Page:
Looking South down South West Street. January 2018.
As a compliment to a 2016 post on North West Street, today I wanted to take a look down South West Street. West Street through downtown is becoming an important corridor and from one end to the other, there are projects taking place that may make it a pretty desirable street in the future.
In case you weren’t aware, the directional prefixes for streets running north and south start at Hillsborough Street (west of the Capitol) and New Bern Avenue. (East of the Capitol) Hence, we start our walk at Hillsborough Street.
New developments and businesses are great but we always have to give a nod to the old favorites that have been threw a lot. I want to give a quick shout out to The Roast Grill, having been at this spot on 7 South West Street since 1940.
The Roast Grill, open since 1940.
Will they make it to a hundred years? Time will tell but I certainly am pulling for them. The TBJ has an article (subscription required) that suggests they aren’t selling out. However, the pressure may rise as nearby developments take shape.
Heading towards the 100 block of South West brings us to the Morgan Street Food Hall. Food halls are a trend that’s happening around the country and Morgan Street will be our first (first, right?) food hall in recent memory. Plan for them to open this Spring.
Construction continues on Morgan Street Food Hall. January 2018.
Citrix employees should be food connoisseurs after that place opens.
The food hall will also get a nice infusion of nearby residents from the residential portion of The Dillon. Residents should be moving in this year and the developer has already landed a few restaurants and retail for the ground-floor spaces. Announced so far, we have:
And there’s plenty of space for more.
The residential units of The Dillon on South down South West Street. January 2018.
As you walk by the residential units of The Dillon along the 200 block, there’s a sharp contrast between the life that will soon pop here and the still empty warehouse building on the west side. Plans have seemed to come and go for this huge warehouse.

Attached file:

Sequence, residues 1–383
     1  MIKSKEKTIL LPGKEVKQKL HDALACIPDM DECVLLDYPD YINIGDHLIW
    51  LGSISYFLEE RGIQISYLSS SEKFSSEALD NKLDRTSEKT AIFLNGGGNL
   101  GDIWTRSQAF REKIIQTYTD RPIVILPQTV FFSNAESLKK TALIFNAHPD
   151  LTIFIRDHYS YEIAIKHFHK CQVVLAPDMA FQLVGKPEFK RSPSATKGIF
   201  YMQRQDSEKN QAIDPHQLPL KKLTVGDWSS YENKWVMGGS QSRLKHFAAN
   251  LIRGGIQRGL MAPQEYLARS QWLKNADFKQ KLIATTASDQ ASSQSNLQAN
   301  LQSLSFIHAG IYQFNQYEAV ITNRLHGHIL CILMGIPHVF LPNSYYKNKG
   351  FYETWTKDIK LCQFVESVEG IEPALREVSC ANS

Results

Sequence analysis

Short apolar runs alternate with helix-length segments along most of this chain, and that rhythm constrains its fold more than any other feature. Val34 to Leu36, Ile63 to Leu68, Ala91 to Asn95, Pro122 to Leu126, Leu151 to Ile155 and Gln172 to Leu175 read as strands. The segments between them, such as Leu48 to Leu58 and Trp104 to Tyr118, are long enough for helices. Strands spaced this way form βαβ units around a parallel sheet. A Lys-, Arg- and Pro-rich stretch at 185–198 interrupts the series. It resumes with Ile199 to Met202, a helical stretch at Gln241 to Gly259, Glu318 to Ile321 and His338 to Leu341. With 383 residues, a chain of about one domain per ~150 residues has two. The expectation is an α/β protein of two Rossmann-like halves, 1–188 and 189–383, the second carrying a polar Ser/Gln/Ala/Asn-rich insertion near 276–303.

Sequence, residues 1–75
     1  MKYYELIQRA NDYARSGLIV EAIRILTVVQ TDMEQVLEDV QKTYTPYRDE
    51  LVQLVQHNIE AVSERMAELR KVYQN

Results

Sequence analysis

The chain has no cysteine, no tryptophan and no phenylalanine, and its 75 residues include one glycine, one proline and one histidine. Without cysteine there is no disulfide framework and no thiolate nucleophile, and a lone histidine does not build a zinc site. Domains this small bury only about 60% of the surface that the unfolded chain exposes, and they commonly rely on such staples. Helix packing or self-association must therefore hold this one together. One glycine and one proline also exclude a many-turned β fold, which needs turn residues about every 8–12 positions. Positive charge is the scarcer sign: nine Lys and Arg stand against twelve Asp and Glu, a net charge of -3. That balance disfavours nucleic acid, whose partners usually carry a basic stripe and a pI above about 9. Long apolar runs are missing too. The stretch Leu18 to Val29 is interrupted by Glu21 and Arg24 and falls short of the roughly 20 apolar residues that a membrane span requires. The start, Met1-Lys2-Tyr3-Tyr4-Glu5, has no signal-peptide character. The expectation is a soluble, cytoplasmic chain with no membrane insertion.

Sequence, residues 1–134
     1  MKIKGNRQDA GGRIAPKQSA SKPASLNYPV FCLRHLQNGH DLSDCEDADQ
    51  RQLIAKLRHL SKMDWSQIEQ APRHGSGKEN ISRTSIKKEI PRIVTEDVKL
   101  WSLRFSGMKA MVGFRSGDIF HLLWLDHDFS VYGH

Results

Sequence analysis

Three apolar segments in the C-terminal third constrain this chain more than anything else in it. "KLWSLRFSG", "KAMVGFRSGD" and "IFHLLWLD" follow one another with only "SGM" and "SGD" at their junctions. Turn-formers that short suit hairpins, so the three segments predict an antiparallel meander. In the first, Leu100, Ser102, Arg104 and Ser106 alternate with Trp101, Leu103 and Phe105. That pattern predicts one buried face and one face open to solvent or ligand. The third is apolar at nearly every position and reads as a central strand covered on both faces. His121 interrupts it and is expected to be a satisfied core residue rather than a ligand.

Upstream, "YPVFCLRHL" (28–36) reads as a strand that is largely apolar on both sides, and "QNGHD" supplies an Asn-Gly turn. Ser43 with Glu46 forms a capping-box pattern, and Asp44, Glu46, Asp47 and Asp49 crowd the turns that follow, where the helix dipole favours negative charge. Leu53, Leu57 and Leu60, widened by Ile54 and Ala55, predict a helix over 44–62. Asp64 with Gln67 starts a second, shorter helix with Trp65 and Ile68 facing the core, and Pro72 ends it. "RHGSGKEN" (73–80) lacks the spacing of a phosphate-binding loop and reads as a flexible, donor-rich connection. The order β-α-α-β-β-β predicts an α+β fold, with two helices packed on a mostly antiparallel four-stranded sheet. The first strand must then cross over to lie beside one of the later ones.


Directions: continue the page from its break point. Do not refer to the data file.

Another Citrix-like rehab could be a decent proposal for this site as it has a large-footprint but hopefully a more mixed-use repurpose can be done. At this time, no plans have been announced.
Looking up at the office spaces at The Dillon. January 2018.
The end of the block approaches the office tower portion of The Dillon and Raleigh Union Station.
West and Martin Street will be a cool intersection I think. The Dillon’s 18 floors will draw activity here during the work days and the retail spaces, CAM, and Union Station will fill in the off hours a bit. I think it’ll feel lively and offer great views towards the downtown core.
Some warehouses nearby are also getting some renovation love. Father and Son’s newest location, the former Flanders Gallery, and the next-door neighbor have visible signs of upkeep.
Union Station is set to open early this year and I think you’ll see a small uptick in visitors as people from all over will come down to check it out. I remember when Fayetteville Street first opened in 2007 and on the first Sunday night after opening (when everything was closed) the street was jammed with cars filled with curiosity.
I think the same thing will happen this year.
Looking at Raleigh Union Station from West Street. January 2018.
Renovated warehouses along West Street. January 2018.
New train platform that will serve Raleigh Union Station. January 2018.
At this point, West Street ends but my walk does not.